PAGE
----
U.s. Grant: Man Of Letters

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In the spring of 1885, when he was less than three months away from death by cancer, General Ulysses S. Grant had a spirited exchange of letters with Adam Badeau, who was supposed to be helping him write his memoirs.

Badeau had been Grant’s military secretary during the final year of the Civil War, and some time after the war he had written a three-volume Military History of Ulysses S. Grant . This has been a standard reference work ever since, but it had not been a great commercial success and now it occurred to Badeau that it would sink into the shadows forever, once Grant’s memoirs came out. Besides, to work on another man’s manuscript struck Badeau as sheer drudgery, he saw his own name vanishing from sight under the great weight of Grant’s name, and anyway he wanted to write a novel; so on May 2 he wrote to Grant demanding more money. Specifically, he wanted $1,000 a month, payable in advance, plus ten per cent of the entire profits from the memoirs.

Grant was combating poverty as well as cancer. The failure of the brokerage house of Grant & Ward had left him flat broke just at the moment he learned that the irritating sore in his throat that had bothered him so long was an inoperable cancer, and his one purpose now was to get royalties that would relieve his family from want. On May 5 he rejected Badeau’s claim in the most plain-spoken terms—and in the course of writing the letter unwittingly demonstrated that by the oddest turn of fate he had actually become what Badeau supposed himself to be: a man of letters.

Grant thought that Badeau was asking for altogether too much money, and said so flatly. What really irritated him, however, was Badeau’s implication that Grant could not finish his book without Badeau’s help. Grant’s pride as a craftsman had been offended. He thought that his own literary style was good—a belief that was entirely justified—and in any case if a book came out with his name on it, it was going to be his book and nobody else’s; he told Badeau that his conscience would not let him present a book as his work if he had not actually written it. His agonizing malady was now entering its terminal stage, he needed an amanuensis to help him organize some of the material, and he understood that he might die before the work was finished, in which case someone would have to arrange the final sections to make a coherent conclusion—but a ghost writer he did not want at all.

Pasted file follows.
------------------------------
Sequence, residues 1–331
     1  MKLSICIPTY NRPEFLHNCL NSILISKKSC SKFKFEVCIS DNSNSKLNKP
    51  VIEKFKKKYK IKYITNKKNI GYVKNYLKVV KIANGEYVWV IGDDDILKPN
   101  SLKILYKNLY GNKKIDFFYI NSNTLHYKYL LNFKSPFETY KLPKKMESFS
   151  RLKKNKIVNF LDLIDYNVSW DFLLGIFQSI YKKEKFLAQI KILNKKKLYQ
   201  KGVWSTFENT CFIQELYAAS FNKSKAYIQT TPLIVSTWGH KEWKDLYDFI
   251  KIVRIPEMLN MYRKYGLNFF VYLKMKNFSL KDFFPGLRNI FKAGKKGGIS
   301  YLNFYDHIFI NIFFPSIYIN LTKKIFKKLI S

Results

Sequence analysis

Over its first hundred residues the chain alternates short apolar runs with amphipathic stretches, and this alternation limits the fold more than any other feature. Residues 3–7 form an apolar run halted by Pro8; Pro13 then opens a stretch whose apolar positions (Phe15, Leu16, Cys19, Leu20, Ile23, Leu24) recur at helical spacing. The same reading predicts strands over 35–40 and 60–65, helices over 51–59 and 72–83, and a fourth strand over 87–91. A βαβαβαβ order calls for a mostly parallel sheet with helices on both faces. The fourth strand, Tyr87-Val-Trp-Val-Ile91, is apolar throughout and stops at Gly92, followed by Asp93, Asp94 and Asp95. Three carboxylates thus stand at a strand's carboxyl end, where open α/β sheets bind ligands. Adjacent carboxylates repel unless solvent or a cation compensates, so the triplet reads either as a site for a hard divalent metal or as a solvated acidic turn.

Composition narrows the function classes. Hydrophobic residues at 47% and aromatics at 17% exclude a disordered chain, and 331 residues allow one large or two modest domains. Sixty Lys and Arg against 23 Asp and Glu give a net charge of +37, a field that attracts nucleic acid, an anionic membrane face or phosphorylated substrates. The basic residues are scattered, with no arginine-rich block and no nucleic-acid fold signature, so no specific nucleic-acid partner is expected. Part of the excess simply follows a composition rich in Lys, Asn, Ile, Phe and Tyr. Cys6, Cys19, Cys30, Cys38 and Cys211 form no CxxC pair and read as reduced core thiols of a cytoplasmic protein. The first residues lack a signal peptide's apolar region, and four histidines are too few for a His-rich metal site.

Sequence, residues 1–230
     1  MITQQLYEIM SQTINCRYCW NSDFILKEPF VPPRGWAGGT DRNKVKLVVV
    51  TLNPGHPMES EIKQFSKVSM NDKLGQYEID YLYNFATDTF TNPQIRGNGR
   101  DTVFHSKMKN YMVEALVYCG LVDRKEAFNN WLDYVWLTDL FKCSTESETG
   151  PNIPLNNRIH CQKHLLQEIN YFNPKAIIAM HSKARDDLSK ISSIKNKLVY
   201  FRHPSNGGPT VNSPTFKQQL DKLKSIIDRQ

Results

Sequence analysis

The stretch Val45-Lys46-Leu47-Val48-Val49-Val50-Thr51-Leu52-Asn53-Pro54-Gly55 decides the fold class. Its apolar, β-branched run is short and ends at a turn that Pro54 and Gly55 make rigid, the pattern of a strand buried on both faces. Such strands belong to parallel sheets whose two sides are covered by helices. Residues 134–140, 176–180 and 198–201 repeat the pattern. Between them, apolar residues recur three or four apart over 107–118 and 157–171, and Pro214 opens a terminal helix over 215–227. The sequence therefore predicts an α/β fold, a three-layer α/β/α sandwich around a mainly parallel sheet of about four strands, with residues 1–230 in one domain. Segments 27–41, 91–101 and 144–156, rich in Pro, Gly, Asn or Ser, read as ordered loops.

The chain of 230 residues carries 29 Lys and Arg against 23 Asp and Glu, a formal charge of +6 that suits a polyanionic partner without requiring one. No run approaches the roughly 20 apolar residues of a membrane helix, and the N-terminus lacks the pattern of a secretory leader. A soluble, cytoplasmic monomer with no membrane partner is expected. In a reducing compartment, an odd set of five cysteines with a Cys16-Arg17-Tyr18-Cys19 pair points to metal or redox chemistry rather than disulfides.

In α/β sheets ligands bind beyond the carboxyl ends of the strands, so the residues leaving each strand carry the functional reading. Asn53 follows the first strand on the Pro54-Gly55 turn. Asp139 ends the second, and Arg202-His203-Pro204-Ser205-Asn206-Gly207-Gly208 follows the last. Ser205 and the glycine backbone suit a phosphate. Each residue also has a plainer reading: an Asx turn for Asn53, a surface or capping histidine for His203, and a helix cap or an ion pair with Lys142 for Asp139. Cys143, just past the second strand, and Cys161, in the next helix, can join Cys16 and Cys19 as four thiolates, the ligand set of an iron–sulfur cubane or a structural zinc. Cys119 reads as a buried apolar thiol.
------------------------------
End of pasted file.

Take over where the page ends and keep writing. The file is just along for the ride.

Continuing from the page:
This is a little unexpected. Grant was a soldier; at one degree removed, he was a politician; and now he was writing a book, his only aim being to make money for his family. It should have been an open-and-shut case. If a hack could finish the job for him, well and good. It was clear by now that the book was going to sell very well indeed, and the money would come rolling in once the job was done and the door-to-door salesmen got busy. Why endure the work of composition—accompanied, as it must be in Grant’s case, by the fearful pain of death-in-the-throat—when a journeyman like Badeau could do the work? Why, if money was all that mattered?

Obviously, money was not all that mattered. Grant wanted something more. He could no more take credit for a book he had not really written than he could have confessed that his Vicksburg campaign had been devised and executed by some subordinate. He had the pride of authorship. Badeau’s financial terms were high, but by this time it was clear that they could be met without hardship. The real trouble was that Grant had become a writing man, and he was driven by the writing man’s compulsions.

In his letter, Badeau had been fairly blunt. He complained that the work he was supposed to do for Grant would be “the merest literary drudgery,” and went on:

In the nature of things, I can have no reputation and consideration from my connection with the book. I must efface myself, and yet work intensely hard without increased pay or any at all until a year and a half from the beginning of my labors. But your book has assumed an importance which neither you nor I anticipated last summer. It is to have a circulation of hundreds of thousands, and the larger its circulation the greater its importance—the more completely it will supplant and stamp out mine. The better I help you to make it, the more effectually I destroy what I have spent my life in building up—my reputation as your historian. And this nobody but me can do. No literary man has the military knowledge; no military man has the literary experiences; no literary or military man living, not one of your old Staff even, has one tithe of my knowledge and experience on this subject, the result of twenty years’ study and devotion…. No one but myself can destroy my own book. If I don’t help you it will retain its place, for you have neither the physical strength nor the habits of mind yourself to make the researches to verify or correct your own memory. If you can not finish the work, nobody can do it fitly but me.

Badeau had made a small mistake. He was writing to U. S. Grant, who was not used to being pushed around.